Development news

Hundreds of smallholder farmers queueing for climate-smart agriculture technology

June 17, 2021
Photo: Unsplash / Tatenda Mapigoti

This article was first published by the Swedish University of Agricultural Sciences.

“Researchers are testing new climate-smart agriculture (CSA) technologies in a semi-arid region of Zimbabwe. After a field day the local team was overwhelmed by the response of hundreds of smallholder farmers. Their request was simple: “Register our names for the installation of the Subsurface Water Retention Technology (SWRT) in our fields”. SWRT, one of the CSA technologies being investigated in the project, improves soil water and nutrient management and has shown phenomenal yields during the last two maize growing seasons.”

“Since 2019, the researchers have been conducting on-farm experimentation of different climate-smart agriculture options in Zimbabwe.”

“In 2019, SLU, The Alliance and MSU built on the existing knowledge with an additional technology, SWRT, that allows further harnessing of soil water whether from rainwater, irrigation or harvested water. While very low rains were received during the first maize growing season, in the second season (December 2020 to April 2021) average to above-average rains were received. However, under both conditions, the benefits of investing in SWRT were visible to the farmers who expressed their interest in the technology on the spot.”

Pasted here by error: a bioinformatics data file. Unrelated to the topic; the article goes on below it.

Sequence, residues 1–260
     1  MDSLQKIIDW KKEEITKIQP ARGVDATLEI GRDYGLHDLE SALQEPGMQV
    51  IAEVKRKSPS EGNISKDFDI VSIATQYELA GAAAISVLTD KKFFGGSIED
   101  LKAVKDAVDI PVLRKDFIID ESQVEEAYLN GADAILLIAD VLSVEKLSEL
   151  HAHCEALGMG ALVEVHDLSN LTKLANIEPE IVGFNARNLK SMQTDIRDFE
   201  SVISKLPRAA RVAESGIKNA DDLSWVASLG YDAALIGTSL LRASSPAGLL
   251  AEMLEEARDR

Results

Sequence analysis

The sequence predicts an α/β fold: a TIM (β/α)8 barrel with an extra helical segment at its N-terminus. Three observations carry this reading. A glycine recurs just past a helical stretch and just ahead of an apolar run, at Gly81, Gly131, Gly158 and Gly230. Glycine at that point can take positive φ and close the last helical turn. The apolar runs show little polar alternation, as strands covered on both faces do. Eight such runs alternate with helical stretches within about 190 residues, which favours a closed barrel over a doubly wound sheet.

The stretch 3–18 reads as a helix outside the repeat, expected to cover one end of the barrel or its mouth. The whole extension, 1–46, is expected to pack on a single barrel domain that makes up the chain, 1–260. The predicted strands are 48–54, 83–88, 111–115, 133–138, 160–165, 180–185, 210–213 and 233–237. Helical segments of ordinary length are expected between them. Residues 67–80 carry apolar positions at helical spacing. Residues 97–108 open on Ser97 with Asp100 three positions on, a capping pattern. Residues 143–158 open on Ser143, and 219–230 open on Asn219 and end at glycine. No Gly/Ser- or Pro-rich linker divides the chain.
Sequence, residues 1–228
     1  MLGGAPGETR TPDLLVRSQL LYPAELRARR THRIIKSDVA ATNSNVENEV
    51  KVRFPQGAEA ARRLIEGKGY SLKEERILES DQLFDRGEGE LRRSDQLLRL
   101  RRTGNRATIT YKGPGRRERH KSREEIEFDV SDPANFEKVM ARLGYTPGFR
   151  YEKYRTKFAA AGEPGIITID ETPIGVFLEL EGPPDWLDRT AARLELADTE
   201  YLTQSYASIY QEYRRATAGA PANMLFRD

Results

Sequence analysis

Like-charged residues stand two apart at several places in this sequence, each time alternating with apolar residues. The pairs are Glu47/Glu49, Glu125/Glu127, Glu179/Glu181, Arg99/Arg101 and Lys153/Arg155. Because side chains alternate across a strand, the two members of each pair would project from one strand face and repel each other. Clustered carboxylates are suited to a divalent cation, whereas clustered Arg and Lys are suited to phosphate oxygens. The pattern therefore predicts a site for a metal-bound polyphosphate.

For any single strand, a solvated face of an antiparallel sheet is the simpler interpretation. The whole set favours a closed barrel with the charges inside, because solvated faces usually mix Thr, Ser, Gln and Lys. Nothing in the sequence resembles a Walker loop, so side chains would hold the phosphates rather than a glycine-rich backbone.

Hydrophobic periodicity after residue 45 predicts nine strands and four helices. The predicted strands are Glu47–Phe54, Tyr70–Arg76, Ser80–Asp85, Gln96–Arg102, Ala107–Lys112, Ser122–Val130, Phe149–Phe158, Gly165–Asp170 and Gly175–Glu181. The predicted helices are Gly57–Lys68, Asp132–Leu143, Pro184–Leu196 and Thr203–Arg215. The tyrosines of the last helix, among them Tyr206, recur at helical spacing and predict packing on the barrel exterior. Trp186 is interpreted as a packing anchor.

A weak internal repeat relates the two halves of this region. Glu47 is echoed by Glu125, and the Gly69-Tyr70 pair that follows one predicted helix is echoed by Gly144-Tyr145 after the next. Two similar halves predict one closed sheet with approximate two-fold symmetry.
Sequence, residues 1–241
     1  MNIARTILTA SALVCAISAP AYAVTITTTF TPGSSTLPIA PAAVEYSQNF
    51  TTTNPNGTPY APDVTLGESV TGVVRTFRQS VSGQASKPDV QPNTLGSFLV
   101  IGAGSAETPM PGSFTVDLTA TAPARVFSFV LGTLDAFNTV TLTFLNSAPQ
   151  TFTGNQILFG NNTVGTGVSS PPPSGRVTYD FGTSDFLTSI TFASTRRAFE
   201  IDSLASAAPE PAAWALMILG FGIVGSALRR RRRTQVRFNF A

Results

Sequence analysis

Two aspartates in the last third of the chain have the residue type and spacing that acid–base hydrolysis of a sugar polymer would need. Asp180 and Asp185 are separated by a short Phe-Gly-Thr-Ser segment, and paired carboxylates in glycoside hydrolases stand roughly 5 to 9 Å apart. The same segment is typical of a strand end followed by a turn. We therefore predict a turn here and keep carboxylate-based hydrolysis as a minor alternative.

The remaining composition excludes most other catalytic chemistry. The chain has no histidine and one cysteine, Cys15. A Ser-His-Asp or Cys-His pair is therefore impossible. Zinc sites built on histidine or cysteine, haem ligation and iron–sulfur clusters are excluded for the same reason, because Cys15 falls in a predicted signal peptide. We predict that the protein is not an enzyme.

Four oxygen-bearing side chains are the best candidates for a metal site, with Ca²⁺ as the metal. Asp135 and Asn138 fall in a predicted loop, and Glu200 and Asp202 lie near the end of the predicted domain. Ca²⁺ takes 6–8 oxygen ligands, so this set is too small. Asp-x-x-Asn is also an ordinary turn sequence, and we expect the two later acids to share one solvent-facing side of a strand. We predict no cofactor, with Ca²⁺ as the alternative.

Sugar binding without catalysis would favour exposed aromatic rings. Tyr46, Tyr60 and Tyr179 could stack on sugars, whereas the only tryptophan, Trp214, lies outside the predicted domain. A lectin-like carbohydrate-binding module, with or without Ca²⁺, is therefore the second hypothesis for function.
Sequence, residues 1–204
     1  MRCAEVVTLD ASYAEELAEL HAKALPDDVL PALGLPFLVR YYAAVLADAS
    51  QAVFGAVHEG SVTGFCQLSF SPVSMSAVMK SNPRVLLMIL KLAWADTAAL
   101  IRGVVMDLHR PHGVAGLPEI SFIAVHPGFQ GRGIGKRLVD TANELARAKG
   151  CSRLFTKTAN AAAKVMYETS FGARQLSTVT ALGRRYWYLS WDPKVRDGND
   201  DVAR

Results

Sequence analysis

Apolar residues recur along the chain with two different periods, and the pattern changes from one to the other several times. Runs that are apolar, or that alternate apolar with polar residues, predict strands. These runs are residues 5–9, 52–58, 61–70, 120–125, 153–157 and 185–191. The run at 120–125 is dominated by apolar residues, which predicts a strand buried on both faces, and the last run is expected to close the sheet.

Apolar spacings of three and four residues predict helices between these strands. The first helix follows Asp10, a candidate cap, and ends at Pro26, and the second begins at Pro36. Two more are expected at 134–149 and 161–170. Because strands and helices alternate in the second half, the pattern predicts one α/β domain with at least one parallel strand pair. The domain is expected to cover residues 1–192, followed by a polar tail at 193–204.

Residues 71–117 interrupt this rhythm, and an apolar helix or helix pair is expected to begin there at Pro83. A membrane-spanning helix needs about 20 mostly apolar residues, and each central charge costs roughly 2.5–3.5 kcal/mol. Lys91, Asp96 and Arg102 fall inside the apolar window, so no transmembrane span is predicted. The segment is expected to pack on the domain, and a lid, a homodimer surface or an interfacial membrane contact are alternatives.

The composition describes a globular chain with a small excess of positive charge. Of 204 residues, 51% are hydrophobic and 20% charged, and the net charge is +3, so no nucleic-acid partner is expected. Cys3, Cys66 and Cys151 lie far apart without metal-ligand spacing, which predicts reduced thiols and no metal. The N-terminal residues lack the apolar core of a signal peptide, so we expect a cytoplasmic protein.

“At the end of field day, with the leadership of the Chief of Marange district, a long list of more than 300 smallholder farmers registered to be considered for new installations of the technology on their farms if resources are available. The farmers also indicated that they are ready to co-invest in the installation of SWRT. While the testing of the technologies continues for another cropping season, the team is now exploring opportunities to make the technology accessible for resource-poor farmers that have also expressed a willingness to play their part.”  

This article was originally published as a research project news by the Swedish University of Agricultural Sciences.